Writing the Sequel



I put not focusing on a series at the top of my list of strategic self-publishing mistakes.

But, it’s not entirely true.

Almost every thing I’ve written was intended to be a series. But each works in a different way.

The Dumb White Husband series was supposed to be a bunch of short stories that turned everyday events into impossible obstacles because I believe we make everything harder than it needs to be.

The Bulletproof Adventures of Damian Stockwell were intended to be standalone books in a massive series of adventures much like Doc Savage. Continuity, character development and any kind of timeline was secondary to the punching of things. They were intended to be fun adventures with lots of jokes and little else.

Both of these series have sequels.

But, the Duck & Cover stories…there’s the pressure. What should be a fun jaunt through the apocalypse ended up being something bigger than I expected. It was intended to be a series of adventures as well, but the character went and got developed and now I can’t just stop.


Of course, you don’t have to write a series. A lot of people are averse to them. But, I like a series. Some people don’t. Many more claim they don’t, but they’re lying. I’m not sure why everyone complains about a sequel to hit a movie when they all end up seeing it. Probably because people are stupid.

But the fact is that series sell. Many readers say they won’t bother with a book unless they know there are two more books right behind it. They want to be invested in the characters and the world they live in. It’s not worth that investment if the story will end with the last page of a single book.


I said earlier that the first book is hard, the second is easier and the third is really freaking hard. That’s not even talking about the sequel.

So many people became invested in my first book that I didn’t want to screw up their trust. I started writing just for me and generally didn’t care what other people thought. But, people were too nice and I didn’t want to let them down. So, I pushed to write the follow up.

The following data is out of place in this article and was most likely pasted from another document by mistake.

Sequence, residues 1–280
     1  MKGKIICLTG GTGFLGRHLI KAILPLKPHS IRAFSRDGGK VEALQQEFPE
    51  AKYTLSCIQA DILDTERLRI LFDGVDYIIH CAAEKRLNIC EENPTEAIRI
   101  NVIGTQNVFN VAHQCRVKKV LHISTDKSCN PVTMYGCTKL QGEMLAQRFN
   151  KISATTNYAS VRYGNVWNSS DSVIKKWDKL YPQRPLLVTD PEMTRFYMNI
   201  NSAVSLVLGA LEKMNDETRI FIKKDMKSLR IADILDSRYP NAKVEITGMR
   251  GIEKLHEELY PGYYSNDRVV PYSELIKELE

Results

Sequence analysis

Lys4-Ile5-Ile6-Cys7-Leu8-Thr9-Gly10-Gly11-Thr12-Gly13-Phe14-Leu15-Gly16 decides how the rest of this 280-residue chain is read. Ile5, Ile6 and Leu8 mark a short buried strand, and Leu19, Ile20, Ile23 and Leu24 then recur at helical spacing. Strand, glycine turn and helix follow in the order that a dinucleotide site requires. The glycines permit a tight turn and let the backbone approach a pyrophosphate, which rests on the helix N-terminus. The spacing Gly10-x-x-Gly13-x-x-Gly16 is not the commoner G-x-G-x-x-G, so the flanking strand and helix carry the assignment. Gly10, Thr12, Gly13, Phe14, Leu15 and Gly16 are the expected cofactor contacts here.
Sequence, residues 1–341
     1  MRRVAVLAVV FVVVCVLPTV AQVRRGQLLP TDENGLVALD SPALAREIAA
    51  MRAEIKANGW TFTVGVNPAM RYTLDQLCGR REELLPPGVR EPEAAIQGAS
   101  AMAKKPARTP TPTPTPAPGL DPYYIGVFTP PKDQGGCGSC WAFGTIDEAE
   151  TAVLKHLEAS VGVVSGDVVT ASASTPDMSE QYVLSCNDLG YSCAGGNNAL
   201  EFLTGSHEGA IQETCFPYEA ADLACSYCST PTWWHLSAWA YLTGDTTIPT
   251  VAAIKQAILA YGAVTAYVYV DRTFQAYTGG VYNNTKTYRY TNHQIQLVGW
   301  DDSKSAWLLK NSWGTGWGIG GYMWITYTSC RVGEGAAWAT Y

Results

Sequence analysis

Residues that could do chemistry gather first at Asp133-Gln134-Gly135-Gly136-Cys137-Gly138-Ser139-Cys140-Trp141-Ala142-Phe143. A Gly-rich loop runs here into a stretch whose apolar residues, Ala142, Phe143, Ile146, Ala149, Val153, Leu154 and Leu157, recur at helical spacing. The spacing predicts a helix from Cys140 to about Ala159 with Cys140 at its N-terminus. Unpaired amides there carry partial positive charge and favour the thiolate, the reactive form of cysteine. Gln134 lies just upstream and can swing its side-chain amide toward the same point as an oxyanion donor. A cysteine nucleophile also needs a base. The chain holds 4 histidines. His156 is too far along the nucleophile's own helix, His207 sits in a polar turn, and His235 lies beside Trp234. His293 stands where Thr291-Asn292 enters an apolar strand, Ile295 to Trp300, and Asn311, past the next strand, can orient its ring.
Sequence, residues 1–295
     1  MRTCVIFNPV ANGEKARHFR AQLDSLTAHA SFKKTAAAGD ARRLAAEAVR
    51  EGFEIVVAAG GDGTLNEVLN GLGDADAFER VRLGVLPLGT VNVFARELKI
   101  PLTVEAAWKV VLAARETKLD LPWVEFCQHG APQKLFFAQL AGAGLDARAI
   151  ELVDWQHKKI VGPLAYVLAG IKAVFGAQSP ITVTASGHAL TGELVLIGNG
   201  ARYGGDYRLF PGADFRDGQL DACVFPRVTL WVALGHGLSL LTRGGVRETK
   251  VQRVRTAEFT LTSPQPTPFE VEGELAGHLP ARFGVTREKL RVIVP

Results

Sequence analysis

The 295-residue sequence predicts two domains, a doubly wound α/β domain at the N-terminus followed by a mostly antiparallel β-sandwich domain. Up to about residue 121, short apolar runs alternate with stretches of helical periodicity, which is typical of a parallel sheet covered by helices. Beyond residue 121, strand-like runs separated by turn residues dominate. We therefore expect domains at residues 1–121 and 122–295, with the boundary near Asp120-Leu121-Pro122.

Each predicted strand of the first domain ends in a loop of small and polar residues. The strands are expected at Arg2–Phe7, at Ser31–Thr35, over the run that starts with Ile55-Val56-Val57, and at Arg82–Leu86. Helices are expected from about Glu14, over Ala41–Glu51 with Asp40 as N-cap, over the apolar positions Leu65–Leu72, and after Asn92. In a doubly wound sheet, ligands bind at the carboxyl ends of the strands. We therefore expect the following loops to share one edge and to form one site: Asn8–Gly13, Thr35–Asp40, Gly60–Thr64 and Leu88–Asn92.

I’ve started the sequel to Post-Apocalyptic Nomadic Warriors several times but once I got into it, I knew it was the wrong story. And if I tell the wrong story now, how much does it screw up down the road?

The initial sequel I started writing was going to be fun but the further I got into the more I realized the story came much later in the character’s life. I started another one, and it was the same deal. I had villains, great locations and everything else. But, unlike the other stories I’d written, the main character’s development played a crucial role in the story and it felt like I was jumping ahead.


It helped when I finally looked at the character’s entire story. I spent a lot of time thinking about what would happen to him over the course of his life. As a result, even though I haven’t written the book, I know what the next six or so could be if I want to take it that far.

I learned something important. I found that plot was important but not nearly as important as the characters story. I’ve always wanted to write books that were fun to read. Lots of action and packed with laughs. I never thought I’d be developing a character like this. But, now that I’m armed with this character arc as an outline, I’m finding it much easier to start writing the sequel.

I know what needs to be accomplished in the main characters life and that’s where it needs to go. More importantly, I know what needs to happen after that. The rest is just jokes and post-apocalyptic action.

Is this right for everything? No.  Most series are just another adventure in a character’s life. I don’t ever see Damian Stockwell changing much. He’ll always go through his life punching evil in the face until good wins. That’s what he does and that’s what right for the story. But if you’re stuck like I was it may be worth taking a step back and figuring out how the character will grow over time and what drives that change. Will he/she eventually lose hope? What causes that. Will they fall from grace? Will they ever recover? How does their life end? Happy? Broken? Forgotten? Do they become a legend? If they do, you’d better have something worthy of that in there.


My own plans are series heavy. They were always intended to be that way and I figure it’s time for me to deliver.

I’m writing the sequel to Post-Apocalyptic Nomadic Warriors now. After that it will a third Bulletproof Adventure of Damian Stockwell. Then back to the wasteland before I start filling the request for a sequel to Tortugas Rising. And, I’ll be honest, that one scares me most of all.


Then again. This could all be me. Maybe some people have no trouble with the sequel. 

What’s your experience been?

What suggestions do you have for writing a sequel or series? 

Or are you against it all together? 




  1. Yes, series outperform standalones. I had troubles with that but clearly readers prefer them. NB: even the bestselling trad published authors write in series like J.. Rowling, Veronica Roth etc. Of course I see some trad and indie authors having a negative stand to series but that’s bullshit.

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